Senior linebacker Deven Ibach makes a tackle during the Rams 2A quarterfinal win over Lyman Nov. 1 in Big Horn. The Rams defense has taken advantage of a state-best 34 turnovers this season. Big Horn (9-1) plays Mountain View (8-2) in the 2A state championship game Friday in Laramie. (The Sheridan Press/Brad Estes)Senior linebacker Deven Ibach makes a tackle during the Rams 2A quarterfinal win over Lyman Nov. 1 in Big Horn. The Rams defense has taken advantage of a state-best 34 turnovers this season. Big Horn (9-1) plays Mountain View (8-2) in the 2A state championship game Friday in Laramie. (The Sheridan Press/Brad Estes)

2A Championship Week: Key to Rams season may have been shoring up defense

BIG HORN — Much acclaim goes to the Big Horn offense, but aligning with the notion of “defense wins championships” may have ultimately vaulted the Rams to War Memorial Stadium.

Early in the year, defensive deficiencies coupled with penalties and turnovers caught up with Big Horn in a week-three loss at Burns, where the Rams comeback attempts were sabotaged by mistakes on offense. Since then, the run-stopping ability of the defense compensated for times when the offense wasn’t firing on all cylinders. The result: seven wins in a row and a 2A state championship berth Friday.

The turning point came with a period of adversity in uncommon fashion when the Rams toughest road stretch of 2014 was made more difficult by a heavy snowstorm.

Big Horn was scheduled to play in Wheatland the first Friday of October, but the snow that shifted most Wyoming sporting events that weekend pushed the game back to Monday. Even as the Rams escaped the physical Glenrock team with a 27-7 victory, they knew an even longer trip was just three days away on Friday.

“I really do I think it was the Glenrock-Wheatland week,” senior OL/DL Miles Novak said Tuesday after practice in regard to when their defense really turned things around.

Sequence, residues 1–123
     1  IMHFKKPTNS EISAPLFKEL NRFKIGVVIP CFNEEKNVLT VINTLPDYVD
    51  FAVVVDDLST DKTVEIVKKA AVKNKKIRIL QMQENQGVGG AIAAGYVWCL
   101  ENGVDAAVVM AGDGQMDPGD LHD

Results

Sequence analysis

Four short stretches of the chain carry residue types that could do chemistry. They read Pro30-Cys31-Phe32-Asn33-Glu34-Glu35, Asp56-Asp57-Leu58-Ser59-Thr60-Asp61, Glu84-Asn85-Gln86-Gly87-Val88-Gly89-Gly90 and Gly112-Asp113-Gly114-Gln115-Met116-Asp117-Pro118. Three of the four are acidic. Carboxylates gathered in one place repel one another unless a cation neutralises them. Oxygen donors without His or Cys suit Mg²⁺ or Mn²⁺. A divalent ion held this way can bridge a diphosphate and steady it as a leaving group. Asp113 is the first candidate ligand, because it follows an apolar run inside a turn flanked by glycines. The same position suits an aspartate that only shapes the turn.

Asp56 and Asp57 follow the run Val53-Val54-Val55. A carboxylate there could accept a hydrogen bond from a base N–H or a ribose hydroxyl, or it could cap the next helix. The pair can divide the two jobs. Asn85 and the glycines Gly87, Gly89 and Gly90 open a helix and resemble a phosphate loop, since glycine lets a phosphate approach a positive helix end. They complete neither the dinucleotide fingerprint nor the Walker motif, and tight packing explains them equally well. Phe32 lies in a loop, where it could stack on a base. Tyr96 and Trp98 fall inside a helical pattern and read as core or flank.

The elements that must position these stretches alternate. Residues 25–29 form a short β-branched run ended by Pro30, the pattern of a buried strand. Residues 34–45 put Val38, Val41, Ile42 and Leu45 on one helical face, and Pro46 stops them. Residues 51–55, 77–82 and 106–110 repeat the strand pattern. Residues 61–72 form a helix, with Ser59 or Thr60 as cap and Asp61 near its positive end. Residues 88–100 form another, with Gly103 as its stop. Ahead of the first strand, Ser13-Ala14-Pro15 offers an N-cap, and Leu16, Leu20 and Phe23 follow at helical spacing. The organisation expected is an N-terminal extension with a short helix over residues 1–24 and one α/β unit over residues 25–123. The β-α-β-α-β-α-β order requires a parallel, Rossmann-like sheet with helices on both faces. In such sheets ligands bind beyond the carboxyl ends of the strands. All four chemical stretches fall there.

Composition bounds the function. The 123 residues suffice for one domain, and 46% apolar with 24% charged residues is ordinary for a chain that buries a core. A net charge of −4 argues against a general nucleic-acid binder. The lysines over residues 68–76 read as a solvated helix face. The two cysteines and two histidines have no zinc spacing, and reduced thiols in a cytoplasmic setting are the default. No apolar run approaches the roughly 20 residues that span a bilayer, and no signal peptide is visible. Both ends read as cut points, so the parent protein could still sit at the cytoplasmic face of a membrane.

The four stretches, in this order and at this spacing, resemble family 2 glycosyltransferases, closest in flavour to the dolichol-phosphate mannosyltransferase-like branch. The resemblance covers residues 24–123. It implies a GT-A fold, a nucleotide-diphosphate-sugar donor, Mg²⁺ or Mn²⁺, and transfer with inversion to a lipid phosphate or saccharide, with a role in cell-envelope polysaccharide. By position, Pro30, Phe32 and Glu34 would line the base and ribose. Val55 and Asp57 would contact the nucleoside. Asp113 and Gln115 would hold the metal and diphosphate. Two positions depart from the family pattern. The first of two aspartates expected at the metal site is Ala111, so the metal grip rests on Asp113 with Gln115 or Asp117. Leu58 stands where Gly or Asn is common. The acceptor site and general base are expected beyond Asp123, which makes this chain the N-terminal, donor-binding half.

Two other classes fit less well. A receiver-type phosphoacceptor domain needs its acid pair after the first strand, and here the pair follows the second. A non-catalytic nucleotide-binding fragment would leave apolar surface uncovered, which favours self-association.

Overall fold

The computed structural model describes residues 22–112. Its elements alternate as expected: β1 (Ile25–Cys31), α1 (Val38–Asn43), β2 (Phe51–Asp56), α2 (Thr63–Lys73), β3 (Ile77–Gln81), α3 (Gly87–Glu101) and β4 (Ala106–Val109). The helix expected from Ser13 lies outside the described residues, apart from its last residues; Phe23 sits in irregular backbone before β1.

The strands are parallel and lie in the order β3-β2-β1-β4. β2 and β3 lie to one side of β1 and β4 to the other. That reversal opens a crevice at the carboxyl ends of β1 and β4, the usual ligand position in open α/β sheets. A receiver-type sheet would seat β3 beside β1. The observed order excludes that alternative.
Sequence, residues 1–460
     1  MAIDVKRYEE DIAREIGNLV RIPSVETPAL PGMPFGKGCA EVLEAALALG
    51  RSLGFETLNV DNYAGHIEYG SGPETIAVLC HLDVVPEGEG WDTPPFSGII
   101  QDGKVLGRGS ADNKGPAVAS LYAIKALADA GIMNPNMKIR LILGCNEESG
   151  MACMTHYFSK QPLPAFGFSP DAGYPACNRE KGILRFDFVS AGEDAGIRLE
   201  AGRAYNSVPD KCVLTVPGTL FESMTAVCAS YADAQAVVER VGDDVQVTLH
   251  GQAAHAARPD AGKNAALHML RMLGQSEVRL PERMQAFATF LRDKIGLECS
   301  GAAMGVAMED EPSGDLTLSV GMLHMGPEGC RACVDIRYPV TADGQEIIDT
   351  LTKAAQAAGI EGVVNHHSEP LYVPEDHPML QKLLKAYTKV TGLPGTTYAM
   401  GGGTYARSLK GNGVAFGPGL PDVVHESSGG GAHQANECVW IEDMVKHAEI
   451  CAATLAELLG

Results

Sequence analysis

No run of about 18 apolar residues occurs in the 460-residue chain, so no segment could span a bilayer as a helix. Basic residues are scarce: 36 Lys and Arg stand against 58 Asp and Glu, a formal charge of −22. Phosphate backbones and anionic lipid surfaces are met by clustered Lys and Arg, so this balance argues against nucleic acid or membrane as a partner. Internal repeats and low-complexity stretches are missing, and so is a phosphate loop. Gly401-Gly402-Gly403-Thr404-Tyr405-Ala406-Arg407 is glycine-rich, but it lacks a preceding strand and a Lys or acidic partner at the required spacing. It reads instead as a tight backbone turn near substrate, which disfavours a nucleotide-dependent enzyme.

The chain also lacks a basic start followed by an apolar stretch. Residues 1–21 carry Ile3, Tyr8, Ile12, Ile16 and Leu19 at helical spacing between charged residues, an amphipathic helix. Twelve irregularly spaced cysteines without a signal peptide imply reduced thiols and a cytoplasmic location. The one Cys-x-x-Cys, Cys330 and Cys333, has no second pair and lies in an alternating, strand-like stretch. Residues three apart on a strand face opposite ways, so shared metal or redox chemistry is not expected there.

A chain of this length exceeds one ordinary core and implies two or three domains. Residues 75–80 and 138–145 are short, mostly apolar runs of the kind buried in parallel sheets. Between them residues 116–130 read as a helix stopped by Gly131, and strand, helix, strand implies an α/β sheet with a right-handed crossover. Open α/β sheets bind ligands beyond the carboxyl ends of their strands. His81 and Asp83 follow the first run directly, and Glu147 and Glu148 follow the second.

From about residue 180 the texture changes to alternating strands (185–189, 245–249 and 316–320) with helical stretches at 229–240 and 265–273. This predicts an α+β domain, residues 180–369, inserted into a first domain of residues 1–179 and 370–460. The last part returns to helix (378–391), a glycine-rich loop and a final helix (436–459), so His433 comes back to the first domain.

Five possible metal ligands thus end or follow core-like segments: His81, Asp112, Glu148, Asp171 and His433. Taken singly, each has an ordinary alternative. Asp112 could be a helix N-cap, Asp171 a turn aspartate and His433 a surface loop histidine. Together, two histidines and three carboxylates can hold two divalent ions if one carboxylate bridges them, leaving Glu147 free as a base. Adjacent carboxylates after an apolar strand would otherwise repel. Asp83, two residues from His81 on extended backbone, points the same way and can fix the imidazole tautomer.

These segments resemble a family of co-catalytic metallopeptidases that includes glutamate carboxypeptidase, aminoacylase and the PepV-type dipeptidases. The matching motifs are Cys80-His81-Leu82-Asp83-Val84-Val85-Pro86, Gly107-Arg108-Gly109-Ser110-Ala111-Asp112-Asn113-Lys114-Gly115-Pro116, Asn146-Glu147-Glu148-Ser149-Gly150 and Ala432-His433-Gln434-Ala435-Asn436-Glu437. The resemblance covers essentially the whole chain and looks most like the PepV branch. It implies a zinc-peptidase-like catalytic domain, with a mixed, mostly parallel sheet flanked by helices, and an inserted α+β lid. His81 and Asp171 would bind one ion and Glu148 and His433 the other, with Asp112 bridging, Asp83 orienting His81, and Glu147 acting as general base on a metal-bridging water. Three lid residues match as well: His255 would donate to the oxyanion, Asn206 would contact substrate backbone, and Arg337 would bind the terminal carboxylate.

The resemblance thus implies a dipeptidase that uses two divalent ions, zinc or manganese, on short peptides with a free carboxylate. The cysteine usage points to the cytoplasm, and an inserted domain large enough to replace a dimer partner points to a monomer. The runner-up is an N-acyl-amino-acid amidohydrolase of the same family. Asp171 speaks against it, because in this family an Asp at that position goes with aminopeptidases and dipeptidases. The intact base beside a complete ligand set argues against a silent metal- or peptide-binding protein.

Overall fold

“Glenrock has a really tough offense and we had to step up on defense or we were going to lose, and we knew that,” he said.” We stiffened our necks, and we just did our jobs. From then on our defense just got better.”

Passing the weeklong physicality test, the Rams went into Wheatland and held onto a 28-26 win that came with one fumble recovery and four interceptions by the opportunistic Rams secondary.

From there, the Rams closed out the regular season at home, winning 50-20 over Moorcroft then stymieing Tongue River 46-0.

A Rams defense that after the one loss was giving up more than 190 yards on the ground and was ranked third from the bottom of the class, shored things up and entering this weekend is allowing around 150 yards per game, up to sixth in overall team defense.

Forcing turnovers has been the Rams constant as their state-leading 23 interceptions on top of 11 fumble recoveries buoys a +17 turnover margin.

And carrying the high-octane offense like the one the Rams have, averaging 3.4 takeaways per contest will usually get the job done.

“It was good for our defense to get going because even though our offense can score 40-some points per game at home, our defense wasn’t shutting down other offenses,” senior linebacker Colter Carzoli said. “Teams would come back even though we drowned them in say the second quarter.”

The Rams meet Mountain View Friday at noon in Laramie.

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Brad Estes

Sheridan Press sports editor

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